Although by 1517 Luther was “pushing reform on two fronts: academic theology and popular piety” (68), he was not yet the “visionary Reformer” he later became. His disputations at Heidelberg, and with Cajetan and Eck were apologetic attempts to commend his new theology. Only in 1520 did he “turn a corner,” believing that the time had come to “speak out” (89). By now he had given up on the clergy taking up the call to reform the church, and so turned to the German nobility to reform the practice of religion in Christendom. The papal bull Exsurge Domine, the edict of ex-communication, and the summons to appear before the emperor at Worms issued in Luther’s determination to recognise the authority of scripture as greater than that of the papacy. Cast out of the church, released from his monastic vows, officially an outlaw, and in hiding for his life, Luther faced, to put it mildly, an uncertain future which neither he nor his friends nor his protector could fathom (112-113). It was in this liminal space, suggests Hendrix, holed up in the Wartburg, that Luther became then a man possessed of a new identity, vision and purpose, a “visionary Reformer.”

New Barth Books

Today Reading the Gospels with Karl Barth arrived in the post, the Conference papers from the 2015 Karl Barth Conference at Princeton Theological Seminary. Contributors include Jürgen Moltmann, Richard Bauckham, Willie James Jennings, Bruce McCormack, Beverly Roberts Gaventa, and a sermon by Fleming Rutledge. The line-up looks great, and I am very much looking forward to reading the contributions by Moltmann and McCormack particularly. Moltmann’s essay addresses “Barth on the Doctrine of Predestination,” while McCormack explores “Barth on Jesus’ Cry of Dereliction.”

A week or two ago Paul Nimmo’s new introduction to Karl Barth arrived. Nimmo is a prominent younger Barth scholar, who I had the privilege of meeting briefly last year at the Barth Conference. (I also got to meet both Migliore and Guretzki at the same Conference!)

There are quite a few introductions to Barth and I look forward to seeing how he interprets Barth. His approach is to give an overview of each volume of Barth’s Dogmatics, and then provide a brief reflection. Because I am lecturing on Karl Barth this semester, I have already started reading sections of Nimmo relevant to my lectures, along with the magisterial treatment of Barth’s theology by Eberhard Busch (The Great Passion).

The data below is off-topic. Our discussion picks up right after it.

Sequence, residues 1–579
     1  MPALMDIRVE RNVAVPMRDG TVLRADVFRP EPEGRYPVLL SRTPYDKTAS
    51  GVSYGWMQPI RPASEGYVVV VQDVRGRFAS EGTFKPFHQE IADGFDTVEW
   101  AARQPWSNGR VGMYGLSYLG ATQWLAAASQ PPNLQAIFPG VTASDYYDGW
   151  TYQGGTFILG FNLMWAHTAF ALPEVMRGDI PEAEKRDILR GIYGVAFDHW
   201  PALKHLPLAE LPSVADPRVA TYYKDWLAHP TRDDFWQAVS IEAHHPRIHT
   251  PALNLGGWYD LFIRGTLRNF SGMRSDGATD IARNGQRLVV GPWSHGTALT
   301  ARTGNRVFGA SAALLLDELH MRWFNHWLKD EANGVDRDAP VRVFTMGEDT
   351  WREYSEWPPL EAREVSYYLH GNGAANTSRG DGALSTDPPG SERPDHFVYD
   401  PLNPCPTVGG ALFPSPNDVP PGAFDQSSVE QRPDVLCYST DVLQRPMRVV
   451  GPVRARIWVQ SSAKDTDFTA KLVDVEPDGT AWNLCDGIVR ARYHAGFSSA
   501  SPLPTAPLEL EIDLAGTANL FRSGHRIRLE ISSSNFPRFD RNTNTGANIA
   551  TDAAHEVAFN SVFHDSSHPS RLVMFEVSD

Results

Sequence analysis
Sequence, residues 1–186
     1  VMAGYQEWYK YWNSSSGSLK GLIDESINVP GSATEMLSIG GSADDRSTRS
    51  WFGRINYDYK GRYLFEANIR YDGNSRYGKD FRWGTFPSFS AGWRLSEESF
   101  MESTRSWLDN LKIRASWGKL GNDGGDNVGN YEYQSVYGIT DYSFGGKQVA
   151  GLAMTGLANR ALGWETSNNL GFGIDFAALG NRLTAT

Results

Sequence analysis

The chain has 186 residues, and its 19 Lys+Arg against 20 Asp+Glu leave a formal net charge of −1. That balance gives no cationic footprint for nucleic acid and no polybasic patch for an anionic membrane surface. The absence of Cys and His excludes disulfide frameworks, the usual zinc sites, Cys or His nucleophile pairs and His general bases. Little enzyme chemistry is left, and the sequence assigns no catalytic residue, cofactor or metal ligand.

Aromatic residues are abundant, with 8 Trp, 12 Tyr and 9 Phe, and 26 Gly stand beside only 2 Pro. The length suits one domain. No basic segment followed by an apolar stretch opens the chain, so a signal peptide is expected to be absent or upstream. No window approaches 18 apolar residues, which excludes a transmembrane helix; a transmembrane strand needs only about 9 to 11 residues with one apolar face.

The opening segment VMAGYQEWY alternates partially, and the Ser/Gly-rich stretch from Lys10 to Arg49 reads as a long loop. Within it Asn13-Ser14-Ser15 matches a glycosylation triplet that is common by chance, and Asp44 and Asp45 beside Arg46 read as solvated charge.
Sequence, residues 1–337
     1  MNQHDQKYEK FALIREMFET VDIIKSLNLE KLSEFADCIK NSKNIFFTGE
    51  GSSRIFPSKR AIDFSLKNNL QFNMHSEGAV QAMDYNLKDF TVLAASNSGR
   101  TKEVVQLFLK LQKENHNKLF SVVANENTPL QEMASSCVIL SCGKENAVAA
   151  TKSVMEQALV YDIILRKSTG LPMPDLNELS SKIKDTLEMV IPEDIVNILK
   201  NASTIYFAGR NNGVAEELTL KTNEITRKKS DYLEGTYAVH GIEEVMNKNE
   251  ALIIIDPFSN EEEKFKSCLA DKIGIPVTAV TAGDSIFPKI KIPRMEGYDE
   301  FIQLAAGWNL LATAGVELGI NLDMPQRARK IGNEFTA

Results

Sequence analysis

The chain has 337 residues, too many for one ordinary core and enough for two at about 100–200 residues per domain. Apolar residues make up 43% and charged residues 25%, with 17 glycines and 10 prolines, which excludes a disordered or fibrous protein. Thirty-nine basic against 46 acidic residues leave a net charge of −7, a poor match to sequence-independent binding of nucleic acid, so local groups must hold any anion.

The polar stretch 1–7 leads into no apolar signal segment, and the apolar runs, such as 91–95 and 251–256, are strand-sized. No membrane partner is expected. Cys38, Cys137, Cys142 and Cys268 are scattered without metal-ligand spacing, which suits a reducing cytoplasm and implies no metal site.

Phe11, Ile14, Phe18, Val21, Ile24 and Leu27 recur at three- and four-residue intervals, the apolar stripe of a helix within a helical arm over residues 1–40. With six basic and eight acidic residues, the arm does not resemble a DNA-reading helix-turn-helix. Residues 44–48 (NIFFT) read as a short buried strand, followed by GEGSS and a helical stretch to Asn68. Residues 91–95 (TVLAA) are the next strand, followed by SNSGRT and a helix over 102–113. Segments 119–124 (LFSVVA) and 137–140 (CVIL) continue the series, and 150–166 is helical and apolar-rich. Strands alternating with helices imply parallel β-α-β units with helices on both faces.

Finally, I have been sent a review copy of David Guretzki’s An Explorer’s Guide to Karl Barth which I need to read and review in the near future. This looks like a very different kind of introduction; Guretzki appears to have written for the novice approaching Barth for the first time, and it will be fun to read his book alongside the more formal treatments by Nimmo and Busch.

I will post reviews on this site in time…

History by the Earful

A couple of months ago I purchased two new audio books to listen to while cycling. Often, while cycling, I listen to novels: they do not seem to demand as much concentration. Listening to non-fiction is harder, and I seem only to get a portion of what I am hearing.

The first of the books is Peter Frankopan’s The Silk Roads: A New History of the World. The sub-title indicates the bold, perhaps grandiose, vision of the book. Of course it is impossible to write a complete history of the world; that would be beyond any possible scholarly capacity.  Frankopan, however, has achieved much of what he has set out to do.

Frankopan argues that Asia and the Middle East constitute the “heart of the world,” and that major trading cities were strung across this region, across “the spine of Asia,” like a string of pearls. These cities became centres of mercantile activity from ancient eras to the present, and indeed, the world as a whole is pivoting back to this region as it once more fulfils its role (destiny?) as “the heart of the world.”

Frankopan’s history is deeply fascinating and somewhat depressing. He manages to include enormous detail and great sweeps and movements of history as he exploits the imagery of the “silk road.” The origin of the term refers, of course, to the trade routes linking China to the west so that silk production in the former might find its way to the latter. In Frankopan’s hands, the silk roads become the “road to heaven” (the crusades) and the “road to hell” (the Black Death or the plagues). He speaks of the “slave road,” and the “road to the Christian east;” the roads of furs, gold, silver, and black gold. The roads to compromise, genocide, and super-power rivalry; the roads of catastrophe and tragedy.